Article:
U.S. News

Fed Move May Signal End to Easy Bank Profits

Graham Bowley and Eric Dash|The New York Times

Federal Reserve to Wall Street: The days of easy money — and, just maybe, easy profits — are numbered.

New York Stock Exchange (NYSE)
Oliver P. Quilla for CNBC.com

News on Thursday that the Fed would raise the interest rate that it charges banks for temporary loans was seen by lenders as a sign that their long, profitable period of ultralow rates was coming to an end.

The move suggested that policy makers believed the nation’s banks had healed enough to withdraw some of the extraordinary support that Washington put in place during the financial crisis. And, while all those bailouts stabilized the banking industry, it was low rates from the Fed that helped propel banks’ rapid recovery.

Even though the Fed had telegraphed its intention to raise the largely symbolic discount rate, the timing of the move, coming between scheduled policy meetings, caught some economists by surprise. Stocks and bonds sank in after-hours trading, suggesting Friday could be an anxious day for the markets.

“This is a victory lap by the Fed,” Zach Pandl, economist at Nomura Securities, said. “It is a signal that the Fed is very confident in the health of the banking system. Fundamentally, these actions are a sign of policy success.”

Since the crisis, the Fed has nursed banks back to health with extraordinarily low rates. Banks have been able to borrow money cheaply and put it to work in lucrative ways, whether using the money to make loans at higher rates or to trade in the markets.

The difference between short- and long-term interest rates is near a record high, presenting a profitable opportunity for banks. The difference between two- and 10-year Treasury rates, for instance, is about 2.9 percentage points. Buoyed by such policies, banks’ profits — and banking stocks — have rocketed over the last year.

Many economists said banks were no longer borrowing in large amounts from the Fed using the discount rate, and so the move on Thursday was, in a sense, purely technical.

But it was a sign that the threat of a collapse in financial markets — so real just a year and a half ago — had dissipated. Some economists said that, with unemployment high and the economy growing slowly, the Fed would not be raising the more important benchmark interest rates for some time.

Market Reaction to the Fed

“This does not say anything about interest rates, but it does say something about what has happened on the ground, that the financial industry is not under same stress as it was previously,” Frederic S. Mishkin, a professor at Columbia and a former member of the Fed’s board of governors, said.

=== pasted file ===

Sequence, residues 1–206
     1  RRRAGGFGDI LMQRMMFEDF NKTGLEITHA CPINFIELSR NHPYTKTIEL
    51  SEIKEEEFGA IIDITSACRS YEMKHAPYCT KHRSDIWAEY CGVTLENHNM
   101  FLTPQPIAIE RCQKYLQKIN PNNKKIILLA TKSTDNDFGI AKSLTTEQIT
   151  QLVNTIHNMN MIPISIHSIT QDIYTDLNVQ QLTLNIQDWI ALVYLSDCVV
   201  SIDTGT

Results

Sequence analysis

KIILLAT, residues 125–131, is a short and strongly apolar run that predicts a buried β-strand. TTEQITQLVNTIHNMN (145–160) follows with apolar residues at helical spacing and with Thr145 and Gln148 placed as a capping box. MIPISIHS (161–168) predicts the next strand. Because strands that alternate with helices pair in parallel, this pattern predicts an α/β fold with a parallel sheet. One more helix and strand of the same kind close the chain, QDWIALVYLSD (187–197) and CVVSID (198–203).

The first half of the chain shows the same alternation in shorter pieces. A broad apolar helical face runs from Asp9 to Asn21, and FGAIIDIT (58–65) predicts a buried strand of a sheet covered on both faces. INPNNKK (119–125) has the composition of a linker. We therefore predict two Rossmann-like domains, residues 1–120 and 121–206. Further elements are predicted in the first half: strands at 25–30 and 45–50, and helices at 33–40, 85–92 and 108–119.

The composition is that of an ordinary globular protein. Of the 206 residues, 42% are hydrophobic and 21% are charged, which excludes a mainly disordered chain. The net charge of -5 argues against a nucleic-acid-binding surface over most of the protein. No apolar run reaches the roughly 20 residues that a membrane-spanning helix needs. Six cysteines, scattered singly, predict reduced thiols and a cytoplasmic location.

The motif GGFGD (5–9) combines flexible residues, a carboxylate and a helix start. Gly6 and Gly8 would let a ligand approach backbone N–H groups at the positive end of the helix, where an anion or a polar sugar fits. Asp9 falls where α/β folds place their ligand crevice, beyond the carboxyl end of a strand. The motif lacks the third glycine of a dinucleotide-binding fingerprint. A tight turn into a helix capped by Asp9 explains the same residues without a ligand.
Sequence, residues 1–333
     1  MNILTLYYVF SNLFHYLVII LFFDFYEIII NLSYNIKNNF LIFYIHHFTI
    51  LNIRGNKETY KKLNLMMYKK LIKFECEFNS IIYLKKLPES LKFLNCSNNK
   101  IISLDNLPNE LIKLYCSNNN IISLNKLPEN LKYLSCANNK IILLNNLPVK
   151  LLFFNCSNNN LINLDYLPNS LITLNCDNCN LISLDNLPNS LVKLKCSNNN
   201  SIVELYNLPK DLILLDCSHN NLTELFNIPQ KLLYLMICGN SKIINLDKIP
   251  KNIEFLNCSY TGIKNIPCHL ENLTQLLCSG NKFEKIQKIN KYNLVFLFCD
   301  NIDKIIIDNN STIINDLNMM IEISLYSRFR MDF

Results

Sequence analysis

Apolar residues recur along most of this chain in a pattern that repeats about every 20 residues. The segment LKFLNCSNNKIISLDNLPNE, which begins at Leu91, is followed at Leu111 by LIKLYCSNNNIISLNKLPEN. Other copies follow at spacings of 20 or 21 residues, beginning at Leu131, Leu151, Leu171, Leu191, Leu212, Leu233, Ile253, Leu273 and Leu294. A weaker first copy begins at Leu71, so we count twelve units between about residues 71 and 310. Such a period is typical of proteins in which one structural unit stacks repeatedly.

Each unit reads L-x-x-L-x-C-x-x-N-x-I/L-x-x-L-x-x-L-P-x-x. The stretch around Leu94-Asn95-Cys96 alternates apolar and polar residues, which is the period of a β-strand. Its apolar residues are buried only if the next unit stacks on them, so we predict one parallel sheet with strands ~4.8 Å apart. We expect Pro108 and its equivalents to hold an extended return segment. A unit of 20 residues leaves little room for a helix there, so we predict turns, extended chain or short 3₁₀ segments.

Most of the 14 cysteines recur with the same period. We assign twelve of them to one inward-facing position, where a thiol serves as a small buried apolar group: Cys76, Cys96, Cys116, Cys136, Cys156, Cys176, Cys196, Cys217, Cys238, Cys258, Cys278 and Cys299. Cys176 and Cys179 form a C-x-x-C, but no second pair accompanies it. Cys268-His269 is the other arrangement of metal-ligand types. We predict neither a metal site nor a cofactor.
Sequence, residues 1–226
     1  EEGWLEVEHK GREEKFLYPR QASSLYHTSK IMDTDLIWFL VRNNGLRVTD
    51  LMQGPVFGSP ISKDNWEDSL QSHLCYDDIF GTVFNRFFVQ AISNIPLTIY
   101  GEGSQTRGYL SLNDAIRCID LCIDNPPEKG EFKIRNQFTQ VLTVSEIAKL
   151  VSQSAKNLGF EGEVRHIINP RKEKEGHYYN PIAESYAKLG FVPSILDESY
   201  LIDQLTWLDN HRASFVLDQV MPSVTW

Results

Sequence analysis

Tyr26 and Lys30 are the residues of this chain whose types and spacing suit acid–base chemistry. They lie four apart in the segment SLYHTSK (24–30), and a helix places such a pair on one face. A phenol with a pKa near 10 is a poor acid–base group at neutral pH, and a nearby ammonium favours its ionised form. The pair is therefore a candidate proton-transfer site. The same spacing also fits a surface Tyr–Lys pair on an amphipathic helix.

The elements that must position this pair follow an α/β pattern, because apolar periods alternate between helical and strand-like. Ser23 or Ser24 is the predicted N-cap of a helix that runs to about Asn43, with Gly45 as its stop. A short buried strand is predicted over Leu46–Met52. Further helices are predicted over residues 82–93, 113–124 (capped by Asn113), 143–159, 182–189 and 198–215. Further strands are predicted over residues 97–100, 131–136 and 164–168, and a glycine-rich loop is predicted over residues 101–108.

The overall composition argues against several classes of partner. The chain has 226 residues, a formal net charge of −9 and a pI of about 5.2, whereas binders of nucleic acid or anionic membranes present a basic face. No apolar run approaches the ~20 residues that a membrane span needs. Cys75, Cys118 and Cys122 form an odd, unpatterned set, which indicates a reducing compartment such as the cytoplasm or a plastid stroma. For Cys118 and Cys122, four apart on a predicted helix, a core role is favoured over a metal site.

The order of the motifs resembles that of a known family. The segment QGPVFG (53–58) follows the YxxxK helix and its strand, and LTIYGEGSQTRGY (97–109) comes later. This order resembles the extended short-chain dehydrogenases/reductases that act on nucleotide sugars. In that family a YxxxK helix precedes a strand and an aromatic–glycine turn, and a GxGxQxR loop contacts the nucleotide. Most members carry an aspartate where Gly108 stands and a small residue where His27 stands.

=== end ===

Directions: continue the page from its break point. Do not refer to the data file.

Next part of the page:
Others countered that the move at least brought forward the moment when interest rates would begin to rise again — and put an end to the banks’ period of easy money.

Louis V. Crandall, chief economist at Wrightson ICAP, said it demonstrated “a willingness to entertain an early start to the real business of retreating from the Fed’s very accommodating stance.”

Unnerved by this prospect, at least in the short term, the bond market fell after the Fed’s announcement, driving up the yield on 10-year Treasury notes about seven basis points, or seven-hundredths of a percentage point, to 3.8 percent.

Stock futures also fell in after-hours trading. Financial shares were particularly hard hit, with shares of big banks like JPMorgan Chase and Bank of America each falling about 1 percent.

The uncertainty over what the Fed will do next, and when, is a big worry for bankers.

“It creates real havoc in managing a bank when you have to ride through these cycles when interest rates change rapidly,” said Douglas J. Leech, the chairman and chief executive of Centra Bank, in Morgantown, W.Va.

Many banks are still coping with bad mortgages and other loans. “This poses a new threat,” Mr. Leech said.

Rising interest rates will invariably squeeze banks’ profit margins and reduce the value of some lenders’ own investments. Taken together, those developments will hurt banks’ bottom lines, a particular worry for the many small and midsize banks that are struggling to cope with the weak economy.

Many banks have tried to prepare for an inevitable rise in rates by locking up customers’ deposits, which provide a stable source of funding for loans. Centra, for instance, began extending the term of its certificates of deposits to 16 months, from 12 months, last year. The bank also began offering low-rate loans that it can reset at higher rates in 18 months, in case, as Mr. Leech expects, interest rates rise.